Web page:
TO: Most probably so, though I’d not thought of him in that specific way. But, sure, his poetry teaches that, in its willingness to let the world in, celebration before processing. He’s been an influence from the very beginning. He was the person who showed me what a poem might be, who showed me what a life lived as a poet might be. So it’s hard for me to distinguish particulars of that influence. Both his writing and his attitude about writing remain measures for me. I use both to remind myself of what is truly important.

DG: Gilbert Sorrentino says your books “propose a metaphysics of sexuality”—but that it has no power outside the context of the stories themselves. But isn’t it often the erotic or the sexual that determines the language of the interludes, or arenas of event, that so powerfully comment upon the stories?

TO: Yeah, but it’s all in the larger story that is the book after all. The comment is upon the book’s specifics, and what might “power” mean in such a circumstance? That the story could be translated into the real world as lesson? Well, of course it could, but you would have to translate. I think of your own work, the way in your stories characters’ emotional limitations are so totally defined and determined in language. Yet, your stories are applicable. They have things to say about work, social class, relationship. But you got to translate. Neither of us is writing self- help books, though maybe we would like to change reader perception about life a little. Don’t you think so?

DG: Absolutely. But I think we might be talking about slightly different things. Because I’m not sure that it is necessary to translate; I’m convinced that such change in perception can come about in the experience of confronting the actual “speech” of the voices in the prose. I mean, it’s in the syntax of sentences, the interruptions of narrative progression, and so on, that writing finds what I think of as its power to make some difference in the world. When readers encounter resistance to their reading habits, they have to make decisions and choices that challenge the conventional assumptions that are responsible for these habits. For me this formal resistance is in the form of a stutter of perception that I intend, I think, as a critique of the conventional language of work, social class, etc., which tends to smooth over what’s painful, and painfully concealed, in these institutions. In your writing I think of the interludes we’ve spoken of—the experience of encountering one: not any lesson about the real world we might find in it, but the interruption of that narrative continuity responsible for an official version of reality.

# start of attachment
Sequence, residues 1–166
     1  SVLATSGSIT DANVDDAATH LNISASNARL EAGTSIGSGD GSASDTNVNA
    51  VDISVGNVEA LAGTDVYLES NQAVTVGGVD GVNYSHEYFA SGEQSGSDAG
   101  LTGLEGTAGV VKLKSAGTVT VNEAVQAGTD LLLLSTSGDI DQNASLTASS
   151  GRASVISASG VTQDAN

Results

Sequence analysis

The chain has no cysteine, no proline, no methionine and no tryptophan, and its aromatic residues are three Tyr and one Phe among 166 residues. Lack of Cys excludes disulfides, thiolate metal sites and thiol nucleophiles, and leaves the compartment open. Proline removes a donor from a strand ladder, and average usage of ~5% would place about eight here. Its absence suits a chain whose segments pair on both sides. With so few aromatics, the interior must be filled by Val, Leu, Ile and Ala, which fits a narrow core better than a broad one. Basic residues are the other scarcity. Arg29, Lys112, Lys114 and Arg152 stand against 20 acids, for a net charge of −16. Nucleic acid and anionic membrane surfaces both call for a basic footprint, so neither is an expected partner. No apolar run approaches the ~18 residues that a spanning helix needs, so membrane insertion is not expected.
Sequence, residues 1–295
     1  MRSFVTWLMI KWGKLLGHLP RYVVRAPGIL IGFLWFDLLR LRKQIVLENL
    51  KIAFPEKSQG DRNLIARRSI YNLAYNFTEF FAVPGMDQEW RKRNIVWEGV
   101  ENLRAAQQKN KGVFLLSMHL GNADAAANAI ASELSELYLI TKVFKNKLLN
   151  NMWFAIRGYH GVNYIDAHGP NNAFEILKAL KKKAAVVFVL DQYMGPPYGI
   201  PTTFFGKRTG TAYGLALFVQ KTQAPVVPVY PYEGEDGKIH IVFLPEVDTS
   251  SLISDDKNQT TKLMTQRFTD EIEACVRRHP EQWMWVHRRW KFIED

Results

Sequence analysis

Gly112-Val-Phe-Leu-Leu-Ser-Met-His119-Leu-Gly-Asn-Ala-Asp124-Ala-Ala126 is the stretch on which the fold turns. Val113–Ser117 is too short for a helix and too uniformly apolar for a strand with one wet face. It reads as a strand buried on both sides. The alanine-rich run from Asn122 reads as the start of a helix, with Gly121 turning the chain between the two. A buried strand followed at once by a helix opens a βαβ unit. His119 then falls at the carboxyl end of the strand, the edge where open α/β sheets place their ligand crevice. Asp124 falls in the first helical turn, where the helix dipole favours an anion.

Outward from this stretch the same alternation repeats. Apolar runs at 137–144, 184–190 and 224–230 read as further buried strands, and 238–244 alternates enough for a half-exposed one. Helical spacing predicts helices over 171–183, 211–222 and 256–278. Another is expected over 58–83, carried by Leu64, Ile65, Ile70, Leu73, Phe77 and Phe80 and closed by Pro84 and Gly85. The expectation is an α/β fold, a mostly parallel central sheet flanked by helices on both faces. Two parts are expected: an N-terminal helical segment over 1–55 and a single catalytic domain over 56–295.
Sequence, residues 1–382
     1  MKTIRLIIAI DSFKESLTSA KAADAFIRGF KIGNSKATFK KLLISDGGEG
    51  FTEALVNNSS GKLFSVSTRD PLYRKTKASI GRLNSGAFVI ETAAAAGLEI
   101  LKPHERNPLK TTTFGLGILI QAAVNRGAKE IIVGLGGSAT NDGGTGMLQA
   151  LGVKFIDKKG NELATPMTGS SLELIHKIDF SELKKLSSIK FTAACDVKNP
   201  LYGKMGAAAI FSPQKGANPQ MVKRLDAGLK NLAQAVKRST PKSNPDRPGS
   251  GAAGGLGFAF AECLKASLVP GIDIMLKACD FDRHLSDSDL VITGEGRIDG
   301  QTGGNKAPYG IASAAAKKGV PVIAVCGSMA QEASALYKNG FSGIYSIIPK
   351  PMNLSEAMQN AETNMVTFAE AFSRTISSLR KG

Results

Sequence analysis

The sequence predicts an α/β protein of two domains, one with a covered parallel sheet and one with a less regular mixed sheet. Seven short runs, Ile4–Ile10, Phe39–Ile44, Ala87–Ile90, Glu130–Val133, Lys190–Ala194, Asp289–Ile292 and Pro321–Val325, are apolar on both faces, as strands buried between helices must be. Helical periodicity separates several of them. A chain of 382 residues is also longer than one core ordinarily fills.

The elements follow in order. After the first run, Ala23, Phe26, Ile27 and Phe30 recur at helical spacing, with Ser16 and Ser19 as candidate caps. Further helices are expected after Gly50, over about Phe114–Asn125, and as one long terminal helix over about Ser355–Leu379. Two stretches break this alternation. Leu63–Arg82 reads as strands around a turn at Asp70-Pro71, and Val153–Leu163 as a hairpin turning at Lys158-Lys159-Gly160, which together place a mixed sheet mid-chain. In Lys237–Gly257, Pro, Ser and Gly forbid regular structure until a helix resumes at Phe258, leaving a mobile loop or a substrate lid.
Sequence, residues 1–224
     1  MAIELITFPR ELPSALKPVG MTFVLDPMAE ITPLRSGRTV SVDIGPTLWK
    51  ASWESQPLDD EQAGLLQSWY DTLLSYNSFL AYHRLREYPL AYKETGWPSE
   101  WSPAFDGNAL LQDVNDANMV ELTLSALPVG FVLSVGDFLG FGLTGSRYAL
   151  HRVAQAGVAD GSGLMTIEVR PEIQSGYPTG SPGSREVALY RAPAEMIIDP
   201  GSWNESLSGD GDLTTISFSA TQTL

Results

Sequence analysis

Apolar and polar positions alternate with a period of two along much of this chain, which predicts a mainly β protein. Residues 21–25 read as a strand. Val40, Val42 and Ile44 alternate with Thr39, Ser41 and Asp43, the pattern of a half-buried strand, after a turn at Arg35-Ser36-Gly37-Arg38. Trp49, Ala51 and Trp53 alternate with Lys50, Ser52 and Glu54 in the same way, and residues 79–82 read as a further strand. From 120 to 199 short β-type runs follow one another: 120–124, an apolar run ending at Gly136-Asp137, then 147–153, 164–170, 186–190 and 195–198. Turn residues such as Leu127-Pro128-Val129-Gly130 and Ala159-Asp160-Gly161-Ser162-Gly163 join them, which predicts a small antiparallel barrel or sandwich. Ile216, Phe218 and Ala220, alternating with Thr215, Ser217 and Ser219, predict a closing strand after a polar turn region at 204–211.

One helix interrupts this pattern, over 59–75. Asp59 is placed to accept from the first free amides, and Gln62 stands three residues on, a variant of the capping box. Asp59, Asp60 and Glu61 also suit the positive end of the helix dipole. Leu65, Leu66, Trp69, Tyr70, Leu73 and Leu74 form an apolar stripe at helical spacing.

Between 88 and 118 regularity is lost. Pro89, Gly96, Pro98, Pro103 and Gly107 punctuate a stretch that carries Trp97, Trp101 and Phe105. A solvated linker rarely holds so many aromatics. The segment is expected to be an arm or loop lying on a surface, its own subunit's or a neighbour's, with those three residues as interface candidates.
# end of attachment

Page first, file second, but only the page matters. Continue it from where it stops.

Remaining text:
TO: Well, I certainly agree with you completely and would want the same effect from my writing as you do from yours. I heard the Sorrentino reference as a compliment, that the idea in these books had no power outside them. It’s in that circumstance that I spoke of translation. I think of Lawrence, the idea: that old blood-consciousness business, surely a translation. How adamantly particular he is in the writing. The effects of those textures. Does his idea have any power outside the stories themselves? Not for me.

DG: No, right; the power—to change reader perception, or whatever—is the result of an epistemology that’s responsible for these formal idiosyncracies we’ve mentioned: the way the prerogative of “story” is challenged by the circumscribed arenas of event in your novels. Or the way you use fantasy. Think of The Life of Jesus. Don’t you think your unabashed use of fantasy there—or better, what you called exaggerations of the conventional—accounts for the power of that book more than any lesson it might teach? It’s the intrusion of a formal device in an unexpected manner and it asks us to examine our attention.